We completed the permit drawings a week ago and successfully acquired the permit before the end of September. The drawings are currently out for pricing and the project will most likely break ground within the next 4 weeks. So far, this project and the client have been terrific.
For some of you that read this site, you’ll know what I mean when I say that this project has been developed using “Revit” – a brand name for a drafting program that we use to prepare our design and construction documentation. This type of drafting software is more generically referred to as Building Information Modeling – or BIM. Since I’ve come over to the office, we are in the process of changing a bunch of the existing standards. Part of what we have been attempting to address is how our drawings look. This is something that is particularly important to me because I think that if our drawings look like we took the time to craft their appearance, the contractors know that they need to take time to pay attention to what we drew. We have been working on our graphics, the symbols we use, how our dimension strings look – lots of little tiny details. If you don’t draw, or if you aren’t in the business you might not appreciate the effect proper line weight can have on a drawing – it not only looks better but the drawing is actually easier to read and therefore, understand.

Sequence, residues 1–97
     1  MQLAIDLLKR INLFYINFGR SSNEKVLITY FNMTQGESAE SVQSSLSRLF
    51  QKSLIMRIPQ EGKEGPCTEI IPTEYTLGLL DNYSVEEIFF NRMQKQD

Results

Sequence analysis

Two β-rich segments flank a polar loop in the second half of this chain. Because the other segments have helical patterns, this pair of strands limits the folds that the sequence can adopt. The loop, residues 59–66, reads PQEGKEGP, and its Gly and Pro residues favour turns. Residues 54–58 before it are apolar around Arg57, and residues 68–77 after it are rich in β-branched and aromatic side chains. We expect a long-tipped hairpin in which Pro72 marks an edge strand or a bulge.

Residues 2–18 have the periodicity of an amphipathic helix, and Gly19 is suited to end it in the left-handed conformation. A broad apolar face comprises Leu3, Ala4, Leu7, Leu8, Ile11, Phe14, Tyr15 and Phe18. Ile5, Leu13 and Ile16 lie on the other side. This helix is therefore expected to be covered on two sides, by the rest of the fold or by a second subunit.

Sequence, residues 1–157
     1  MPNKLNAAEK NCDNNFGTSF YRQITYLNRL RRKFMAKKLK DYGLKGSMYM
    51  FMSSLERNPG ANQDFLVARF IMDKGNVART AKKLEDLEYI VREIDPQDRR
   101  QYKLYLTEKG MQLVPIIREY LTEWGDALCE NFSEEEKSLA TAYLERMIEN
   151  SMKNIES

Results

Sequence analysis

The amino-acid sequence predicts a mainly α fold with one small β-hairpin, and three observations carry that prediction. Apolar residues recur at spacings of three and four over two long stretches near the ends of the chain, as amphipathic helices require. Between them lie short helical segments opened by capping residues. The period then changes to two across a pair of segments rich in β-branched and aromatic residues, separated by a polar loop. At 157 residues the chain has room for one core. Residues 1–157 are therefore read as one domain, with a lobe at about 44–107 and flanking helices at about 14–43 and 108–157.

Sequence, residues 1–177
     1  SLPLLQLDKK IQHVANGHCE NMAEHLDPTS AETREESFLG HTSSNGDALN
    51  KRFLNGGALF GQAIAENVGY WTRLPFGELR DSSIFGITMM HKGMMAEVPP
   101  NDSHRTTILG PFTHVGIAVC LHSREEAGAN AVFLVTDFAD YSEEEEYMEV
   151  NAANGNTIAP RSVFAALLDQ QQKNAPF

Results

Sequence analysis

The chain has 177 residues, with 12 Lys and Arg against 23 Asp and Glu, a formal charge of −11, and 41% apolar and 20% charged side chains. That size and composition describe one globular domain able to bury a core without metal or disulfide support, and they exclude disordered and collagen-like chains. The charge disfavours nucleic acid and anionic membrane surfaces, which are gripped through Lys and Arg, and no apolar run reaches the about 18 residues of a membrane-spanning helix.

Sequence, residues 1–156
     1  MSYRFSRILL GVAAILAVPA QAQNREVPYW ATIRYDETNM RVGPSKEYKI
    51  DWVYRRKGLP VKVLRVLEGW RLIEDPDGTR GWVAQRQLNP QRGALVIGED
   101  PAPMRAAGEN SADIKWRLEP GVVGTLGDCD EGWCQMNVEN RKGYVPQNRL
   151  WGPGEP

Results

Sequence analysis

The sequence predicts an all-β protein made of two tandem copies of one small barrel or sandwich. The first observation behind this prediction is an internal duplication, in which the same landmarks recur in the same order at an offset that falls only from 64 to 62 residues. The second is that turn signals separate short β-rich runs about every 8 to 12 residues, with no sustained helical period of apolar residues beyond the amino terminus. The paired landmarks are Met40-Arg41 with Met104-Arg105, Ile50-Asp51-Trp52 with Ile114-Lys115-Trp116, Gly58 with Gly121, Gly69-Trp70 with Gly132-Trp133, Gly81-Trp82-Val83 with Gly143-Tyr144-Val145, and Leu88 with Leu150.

As a result of the time we have been putting in to fix our standards, we have had to have meetings to make sure that we monitor how this time is spent so that the client’s deadline isn’t adversely impacted due to these modifications. These efforts and revisions benefit all of our projects so this doesn’t go down as time spent on this project .. it’s an internal cost that we have decided is worth absorbing because we want to set the bar high.
One other item that I might try to cover was the software we were using to create our PDF’s from Revit – they looked terrible!! We just made the switch to Bluebeam Software for Revit and it made a huge difference. We kept making line weight adjustments to the drawings but when the plots came back in from the reprographics company you couldn’t see the changes we had made. We had some heated conversations in the studio – I wasn’t seeing what I wanted to see and some people thought it was the fault of the reprographics company. We received some advice that we should try using Bluebeam to create out PDF files so we downloaded the 30 day free trial, created some test plots and *BOOM* things look terrific!